Oops, I Did It Again.
When it comes to jobs of my past, I don’t exactly have a stellar track record.
I started off on the straight-and-narrow, at age 11, babysitting for my mom’s friends and neighbors. Ever the professional, I received my babysitting certification from the Red Cross. I knew how to perform CPR. I knew how to bandage abrasions. I knew how to stick my fingers into a kid’s throat to remove a blockage. Basically, I could tell parents, Hey. Nothing bad should happen to your kids under my care, but by golly if they choke or bleed or their hearts stop beating for any reason — any reason at all — I should, theoretically, be able to save them.
I’d pack along my little babysitting kit, complete with crafts and games and things kids liked to do 20 years ago that didn’t involve batteries or electricity or controllers or computer-mimicked hand motions, and I quickly became the IT babysitter for the ‘hood. Kids adored me, believe it or not, and thanks to the under-the-table payment nature of the gig, I was quickly able to save a pretty impressive amount of money by the time I was 15.
Then, through some unfortunate standard of life progression set by our peers, I decided it was time to get a “real” job. I don’t know why, since in retrospect, babysitting was pretty much the best gig ever. The kids would go to bed at 8 and I had the whole night to watch Cocktail and gobble snacks provided by generous parents. Plus, it kept me out of trouble.
Regardless, I moved on to burger flipping at A&W Rootbeer, then Product Replacement Plan selling at Best Buy, then table waiting at a sports bar, then tour guiding on my college campus and dish washing at the nearby coffee shop and waking up at 5:00 a.m. to sign people into the gym and wipe down mirrors and ellipticals.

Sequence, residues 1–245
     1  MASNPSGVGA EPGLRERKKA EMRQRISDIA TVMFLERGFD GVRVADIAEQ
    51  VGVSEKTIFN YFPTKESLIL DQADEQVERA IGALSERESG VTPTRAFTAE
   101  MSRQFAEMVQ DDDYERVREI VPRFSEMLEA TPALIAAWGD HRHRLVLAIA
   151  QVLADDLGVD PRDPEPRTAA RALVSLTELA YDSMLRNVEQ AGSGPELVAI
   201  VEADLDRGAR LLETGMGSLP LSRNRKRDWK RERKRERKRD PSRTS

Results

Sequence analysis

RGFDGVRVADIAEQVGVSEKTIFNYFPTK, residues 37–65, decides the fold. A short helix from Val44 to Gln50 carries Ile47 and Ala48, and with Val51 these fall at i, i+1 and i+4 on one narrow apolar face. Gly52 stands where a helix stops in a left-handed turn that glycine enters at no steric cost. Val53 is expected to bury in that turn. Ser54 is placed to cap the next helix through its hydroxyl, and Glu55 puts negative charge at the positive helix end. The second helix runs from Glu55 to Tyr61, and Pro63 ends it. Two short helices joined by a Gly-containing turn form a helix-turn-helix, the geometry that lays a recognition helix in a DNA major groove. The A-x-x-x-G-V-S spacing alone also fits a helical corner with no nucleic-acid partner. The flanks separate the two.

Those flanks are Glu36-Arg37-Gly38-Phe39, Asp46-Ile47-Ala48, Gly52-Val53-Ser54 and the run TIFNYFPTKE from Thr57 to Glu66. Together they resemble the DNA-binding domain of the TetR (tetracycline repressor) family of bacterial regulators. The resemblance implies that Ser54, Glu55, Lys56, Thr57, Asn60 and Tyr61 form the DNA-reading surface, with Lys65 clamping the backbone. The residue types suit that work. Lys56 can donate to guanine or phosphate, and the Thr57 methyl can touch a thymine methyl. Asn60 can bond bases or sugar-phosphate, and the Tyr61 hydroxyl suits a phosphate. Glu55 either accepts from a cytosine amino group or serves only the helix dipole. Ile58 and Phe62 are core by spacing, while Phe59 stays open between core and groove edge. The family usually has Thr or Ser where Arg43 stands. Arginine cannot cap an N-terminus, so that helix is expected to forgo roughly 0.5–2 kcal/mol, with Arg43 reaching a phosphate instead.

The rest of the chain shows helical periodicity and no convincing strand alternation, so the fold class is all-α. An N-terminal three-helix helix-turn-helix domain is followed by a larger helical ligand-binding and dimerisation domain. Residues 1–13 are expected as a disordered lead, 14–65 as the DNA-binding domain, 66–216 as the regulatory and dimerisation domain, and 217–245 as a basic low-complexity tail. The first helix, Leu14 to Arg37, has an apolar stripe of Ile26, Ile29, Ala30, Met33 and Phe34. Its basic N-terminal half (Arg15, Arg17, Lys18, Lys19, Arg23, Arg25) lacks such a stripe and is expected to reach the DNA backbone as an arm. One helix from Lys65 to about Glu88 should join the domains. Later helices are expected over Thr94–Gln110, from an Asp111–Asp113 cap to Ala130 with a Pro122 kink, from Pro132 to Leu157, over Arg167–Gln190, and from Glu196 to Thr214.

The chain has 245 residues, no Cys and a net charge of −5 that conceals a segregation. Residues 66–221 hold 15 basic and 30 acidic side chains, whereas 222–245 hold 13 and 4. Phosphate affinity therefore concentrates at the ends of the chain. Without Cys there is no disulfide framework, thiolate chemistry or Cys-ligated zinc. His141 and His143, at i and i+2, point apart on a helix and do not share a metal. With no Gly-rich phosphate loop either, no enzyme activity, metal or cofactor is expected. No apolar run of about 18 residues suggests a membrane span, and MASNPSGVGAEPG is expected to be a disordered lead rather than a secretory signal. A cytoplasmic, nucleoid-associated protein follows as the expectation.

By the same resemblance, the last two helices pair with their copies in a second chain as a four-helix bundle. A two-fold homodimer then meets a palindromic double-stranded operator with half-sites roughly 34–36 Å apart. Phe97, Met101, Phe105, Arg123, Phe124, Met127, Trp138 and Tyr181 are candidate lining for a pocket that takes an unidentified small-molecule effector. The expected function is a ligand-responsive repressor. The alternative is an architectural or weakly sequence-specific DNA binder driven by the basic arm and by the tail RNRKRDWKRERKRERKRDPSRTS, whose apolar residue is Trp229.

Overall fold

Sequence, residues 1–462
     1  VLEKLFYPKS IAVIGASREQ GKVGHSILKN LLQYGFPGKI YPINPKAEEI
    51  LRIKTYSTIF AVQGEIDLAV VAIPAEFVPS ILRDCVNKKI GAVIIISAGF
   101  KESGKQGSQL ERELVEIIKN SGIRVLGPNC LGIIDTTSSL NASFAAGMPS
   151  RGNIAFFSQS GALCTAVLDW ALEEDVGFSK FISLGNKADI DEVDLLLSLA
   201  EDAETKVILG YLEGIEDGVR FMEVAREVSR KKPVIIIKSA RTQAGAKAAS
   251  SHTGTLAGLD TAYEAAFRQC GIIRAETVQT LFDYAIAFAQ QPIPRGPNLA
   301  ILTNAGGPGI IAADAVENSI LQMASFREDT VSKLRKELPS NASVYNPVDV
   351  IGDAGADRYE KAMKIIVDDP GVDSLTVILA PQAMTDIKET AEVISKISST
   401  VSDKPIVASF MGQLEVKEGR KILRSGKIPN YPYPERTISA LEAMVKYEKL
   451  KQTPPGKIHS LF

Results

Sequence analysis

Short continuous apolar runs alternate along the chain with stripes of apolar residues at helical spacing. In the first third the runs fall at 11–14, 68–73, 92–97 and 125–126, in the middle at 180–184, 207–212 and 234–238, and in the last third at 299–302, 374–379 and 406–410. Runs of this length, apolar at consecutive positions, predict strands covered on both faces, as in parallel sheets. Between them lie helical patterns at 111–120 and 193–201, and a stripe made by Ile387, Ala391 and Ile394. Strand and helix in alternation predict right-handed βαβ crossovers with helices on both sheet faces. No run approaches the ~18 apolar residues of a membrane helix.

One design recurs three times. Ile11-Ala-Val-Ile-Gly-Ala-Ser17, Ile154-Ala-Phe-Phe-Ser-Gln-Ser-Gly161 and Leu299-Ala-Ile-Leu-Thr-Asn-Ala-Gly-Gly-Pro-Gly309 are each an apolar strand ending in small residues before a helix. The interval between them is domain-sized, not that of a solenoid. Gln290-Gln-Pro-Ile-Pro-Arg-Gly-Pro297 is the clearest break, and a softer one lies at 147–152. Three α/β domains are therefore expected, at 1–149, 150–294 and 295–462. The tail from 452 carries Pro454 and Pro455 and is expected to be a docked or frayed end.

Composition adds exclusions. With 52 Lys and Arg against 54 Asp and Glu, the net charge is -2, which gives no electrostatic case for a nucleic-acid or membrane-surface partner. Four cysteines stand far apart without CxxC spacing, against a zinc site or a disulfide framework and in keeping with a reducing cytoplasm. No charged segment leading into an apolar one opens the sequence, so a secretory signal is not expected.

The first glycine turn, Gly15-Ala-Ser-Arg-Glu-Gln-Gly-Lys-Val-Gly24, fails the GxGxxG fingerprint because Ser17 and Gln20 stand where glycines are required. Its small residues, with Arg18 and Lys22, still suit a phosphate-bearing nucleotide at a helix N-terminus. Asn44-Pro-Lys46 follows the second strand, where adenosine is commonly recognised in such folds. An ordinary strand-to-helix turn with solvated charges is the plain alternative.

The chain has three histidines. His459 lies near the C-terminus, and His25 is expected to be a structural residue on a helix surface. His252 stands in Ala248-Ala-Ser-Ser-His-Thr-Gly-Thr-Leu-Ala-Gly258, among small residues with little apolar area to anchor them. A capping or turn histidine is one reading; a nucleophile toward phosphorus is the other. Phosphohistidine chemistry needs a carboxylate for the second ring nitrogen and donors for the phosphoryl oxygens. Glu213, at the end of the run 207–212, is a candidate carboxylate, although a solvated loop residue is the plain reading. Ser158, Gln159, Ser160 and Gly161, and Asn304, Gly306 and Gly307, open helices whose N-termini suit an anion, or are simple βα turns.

After quitting college and moving back to Nebraska, waited tables again. Then I took a road trip. Then I fixed and sold watches. Then I moved with Justin to Georgia and waited more tables and worked in a jewelry store and finally — finally — landed an environmental internship on the Air Force base.
In one year, I actually managed to file taxes for 7 different jobs in 3 separate states.
Turns out that’s not the best way to build your resume.
Once we moved to North Carolina, it was on to white-collar America. My first job here was for an environmental consulting company (which involved a very interesting interview), but my hour-and-a-half commute was turning me into a drooling zombie, so that only lasted 6 months.
Then, the job on Fort Bragg.
The job where I cracked.
The job that launched my Costa Rica hot sauce makin’ career and effectively redirected my entire professional course from that of an eventual suit-wearing government schmoozer to a beatnik hippie travel writer, if I could only have my way. (Minus the beatnik hippie part because I enjoy all kinds of travel. All kinds.)
After a year of absolutely nothing happening, I started hourly work at a bar just to earn some cash to feel like less of a lump, and then as a part-time real estate assistant, and this, my friends, is where you would probably still find me in another year, had I not finally realized my problem.
I wasn’t working.
I was gliding.
I wasn’t planning.
I was drifting.
They say that dreams don’t work unless you do.
So I quit my job in order to work.
Which only partially makes me feel like a loser.
But also, now I know.
Beyond a shadow of a doubt I know that working my ass off for someone else’s success is NOT what I want for myself in this world.
I have to stop trying to find myself.
I have to create myself.
It only took me approximately 47 jobs to get here.
Back at the bottom of the ladder again, but this time, it’s my own.
And when you build your own ladder, it seems, it becomes a hell of a lot more satisfying to climb.